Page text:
First Propane Hall of Fame will allow legacies to endure

August 5, 2011 By    

Throughout 2012 the propane industry will celebrate 100 years of growth from its meager Pennsylvania roots to the promising role in solving America’s pressing need for a clean, reliable energy alternative.

The history of that dynamic evolution is a tale of the countless men and women who molded the industry over the past century. It was their insight, bold initiative and unbending commitment that transformed an impractical waste byproduct into a vital energy source that improves the quality of life for millions of Americans each and every day. And it’s on their shoulders that today’s generation of propane professionals stand and steer the industry into its next 100 years.

As part of this historic celebration, the staff at LP Gas Magazine is launching the propane industry’s first-ever Propane Hall of Fame. It’s our way to recognize the pioneers, icons and leaders – past and present – and create a permanent legacy for their contributions to the industry. It is our intention to make this a yearly tradition that honors stalwarts of our industry (retailers, wholesalers, as well as providers of related equipment and services) for their outstanding contributions.

A special black-tie recognition dinner and awards ceremony will bring together industry colleagues to salute the inaugural class of inductees. The event will take place Friday, April 13 in Atlanta, immediately preceding the 2012 NPGA Southeastern Convention & International Propane Expo.

I must admit the project is more than a bit daunting. Where do you start in choosing among the many giants going all the way back to industry pioneers Walter Snelling, Emerson Thomas and Mark Anton?

There are dozens of guys who were at the table during the first developments of oil and gas production methods, appliances and delivery systems; the creation of industry standards; the evolution of trend-setting business models; and the formation of the industry association and the Propane Education & Research Council (PERC).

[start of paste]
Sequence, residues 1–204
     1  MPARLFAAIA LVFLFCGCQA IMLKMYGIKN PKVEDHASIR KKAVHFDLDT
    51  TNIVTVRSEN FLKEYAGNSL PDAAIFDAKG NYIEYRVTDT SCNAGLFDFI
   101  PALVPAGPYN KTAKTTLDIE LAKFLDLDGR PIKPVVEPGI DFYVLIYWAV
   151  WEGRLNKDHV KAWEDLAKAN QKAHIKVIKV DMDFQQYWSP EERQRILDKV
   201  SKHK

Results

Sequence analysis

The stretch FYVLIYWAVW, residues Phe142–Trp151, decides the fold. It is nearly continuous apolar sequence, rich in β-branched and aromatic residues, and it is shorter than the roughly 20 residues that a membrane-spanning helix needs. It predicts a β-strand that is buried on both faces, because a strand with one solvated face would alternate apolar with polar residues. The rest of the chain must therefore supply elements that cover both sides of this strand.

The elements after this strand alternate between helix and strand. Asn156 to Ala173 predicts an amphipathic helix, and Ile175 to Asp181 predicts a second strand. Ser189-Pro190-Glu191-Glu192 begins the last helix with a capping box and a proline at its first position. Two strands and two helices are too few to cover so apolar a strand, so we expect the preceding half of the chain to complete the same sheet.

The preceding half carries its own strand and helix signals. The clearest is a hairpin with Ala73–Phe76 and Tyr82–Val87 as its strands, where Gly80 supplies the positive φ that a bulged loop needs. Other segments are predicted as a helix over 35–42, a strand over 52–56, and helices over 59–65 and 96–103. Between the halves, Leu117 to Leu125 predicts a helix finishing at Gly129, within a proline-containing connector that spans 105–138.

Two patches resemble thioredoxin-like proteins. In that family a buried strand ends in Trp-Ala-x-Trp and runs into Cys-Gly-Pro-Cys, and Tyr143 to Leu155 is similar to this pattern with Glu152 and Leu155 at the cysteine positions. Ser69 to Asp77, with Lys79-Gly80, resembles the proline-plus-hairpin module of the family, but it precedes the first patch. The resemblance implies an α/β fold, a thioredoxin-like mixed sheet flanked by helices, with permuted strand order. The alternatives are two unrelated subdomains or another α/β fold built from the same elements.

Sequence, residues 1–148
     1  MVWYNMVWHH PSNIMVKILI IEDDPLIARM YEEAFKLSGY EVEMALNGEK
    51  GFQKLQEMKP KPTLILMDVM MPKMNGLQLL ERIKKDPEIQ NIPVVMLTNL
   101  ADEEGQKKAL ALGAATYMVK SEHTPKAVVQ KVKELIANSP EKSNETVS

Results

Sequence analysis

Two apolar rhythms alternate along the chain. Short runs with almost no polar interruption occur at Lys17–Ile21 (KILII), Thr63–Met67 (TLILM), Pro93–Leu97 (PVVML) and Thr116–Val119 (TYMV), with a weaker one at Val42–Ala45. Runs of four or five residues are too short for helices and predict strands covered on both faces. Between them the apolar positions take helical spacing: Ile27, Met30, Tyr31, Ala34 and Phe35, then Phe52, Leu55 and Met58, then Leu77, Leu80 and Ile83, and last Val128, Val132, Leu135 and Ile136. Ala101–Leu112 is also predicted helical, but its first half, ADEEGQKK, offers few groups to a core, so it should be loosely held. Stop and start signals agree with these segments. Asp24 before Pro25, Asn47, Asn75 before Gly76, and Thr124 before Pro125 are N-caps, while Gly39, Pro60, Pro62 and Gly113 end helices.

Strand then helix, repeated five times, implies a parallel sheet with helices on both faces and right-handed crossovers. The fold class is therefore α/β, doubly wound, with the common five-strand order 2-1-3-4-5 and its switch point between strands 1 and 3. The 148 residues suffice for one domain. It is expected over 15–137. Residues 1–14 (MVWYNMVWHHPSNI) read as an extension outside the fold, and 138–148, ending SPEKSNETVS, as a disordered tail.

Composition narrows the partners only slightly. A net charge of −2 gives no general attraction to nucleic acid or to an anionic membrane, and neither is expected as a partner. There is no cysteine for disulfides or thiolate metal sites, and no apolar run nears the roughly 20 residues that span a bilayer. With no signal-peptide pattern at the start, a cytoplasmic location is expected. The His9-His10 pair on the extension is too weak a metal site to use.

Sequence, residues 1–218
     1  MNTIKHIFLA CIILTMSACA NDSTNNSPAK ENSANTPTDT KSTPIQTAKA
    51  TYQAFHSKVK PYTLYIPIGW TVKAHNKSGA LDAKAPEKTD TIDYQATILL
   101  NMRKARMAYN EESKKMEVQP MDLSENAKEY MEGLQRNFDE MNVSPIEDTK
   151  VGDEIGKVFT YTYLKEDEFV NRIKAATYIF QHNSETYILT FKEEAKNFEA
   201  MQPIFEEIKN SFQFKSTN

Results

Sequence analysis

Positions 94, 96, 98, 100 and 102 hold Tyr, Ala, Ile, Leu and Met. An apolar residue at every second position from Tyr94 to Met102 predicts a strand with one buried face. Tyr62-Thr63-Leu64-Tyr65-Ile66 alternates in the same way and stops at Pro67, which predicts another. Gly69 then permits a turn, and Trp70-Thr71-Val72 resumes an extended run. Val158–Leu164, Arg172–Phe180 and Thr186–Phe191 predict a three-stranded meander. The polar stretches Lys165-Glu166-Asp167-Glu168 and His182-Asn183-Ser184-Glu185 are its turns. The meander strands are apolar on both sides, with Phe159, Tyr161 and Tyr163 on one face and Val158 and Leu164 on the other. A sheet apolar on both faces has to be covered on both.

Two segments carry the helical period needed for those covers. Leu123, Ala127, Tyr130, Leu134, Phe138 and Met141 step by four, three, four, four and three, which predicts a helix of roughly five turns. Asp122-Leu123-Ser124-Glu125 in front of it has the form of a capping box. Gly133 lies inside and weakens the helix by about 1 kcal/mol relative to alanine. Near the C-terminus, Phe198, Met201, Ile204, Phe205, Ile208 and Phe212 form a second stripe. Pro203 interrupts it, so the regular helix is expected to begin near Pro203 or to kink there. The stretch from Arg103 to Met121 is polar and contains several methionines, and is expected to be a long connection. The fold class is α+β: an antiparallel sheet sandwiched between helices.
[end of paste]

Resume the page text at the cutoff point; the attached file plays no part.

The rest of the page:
LP Gas Magazine has been serving the propane industry since 1941, and I’ve been with them for the last 14 years. But there is no way we could pull this off ourselves. So we are reaching out to the industry for your help.

First, we’d like you to tell us who you think the worthy candidates are. Nominations are open to all current or former propane industry individuals. Our website (www.lpgasmagazine.com/www.lpgasmagazine.com) has a form with a few basic questions about the nominee. All who get nominated will be permanently retained for future consideration.

Second, we are putting together a Selection Committee that represents all facets of the industry. The committee will review all submissions, and each member will vote for that year’s most deserving inductee. The names of committee members will be held confidential to avoid undue influence. Committee members will change every three years.

Nominations are open now through Oct. 31. Final selections will be made in December and announced in January. Detailed biographies of each inductee will be included in the April issue of LP Gas Magazine and on our website.

We hope you share our enthusiasm for this new venture and help us get these special individuals the overdue recognition they have earned. Feel free to contact me with any questions, or to let me know your thoughts on the plan.

Man on the move
President Roy Willis had a distinctively pained look on his face as he announced that Brian Feehan will be leaving PERC in September.

Feehan, PERC’s vice president in charge of developing the motor fuel market, is leaving to become president of the Industrial Truck Association (ITA) in Washington, D.C. ITA represents the manufacturers of forklifts and their suppliers who do business in Canada, the United States and Mexico. He’s been with PERC since 2005.

Brian has worked extensively with that group over the years to rescue propane’s market share losses to electric models. Let’s hope his efforts continue from the other side of the table.

You’re going to be missed, Irish.

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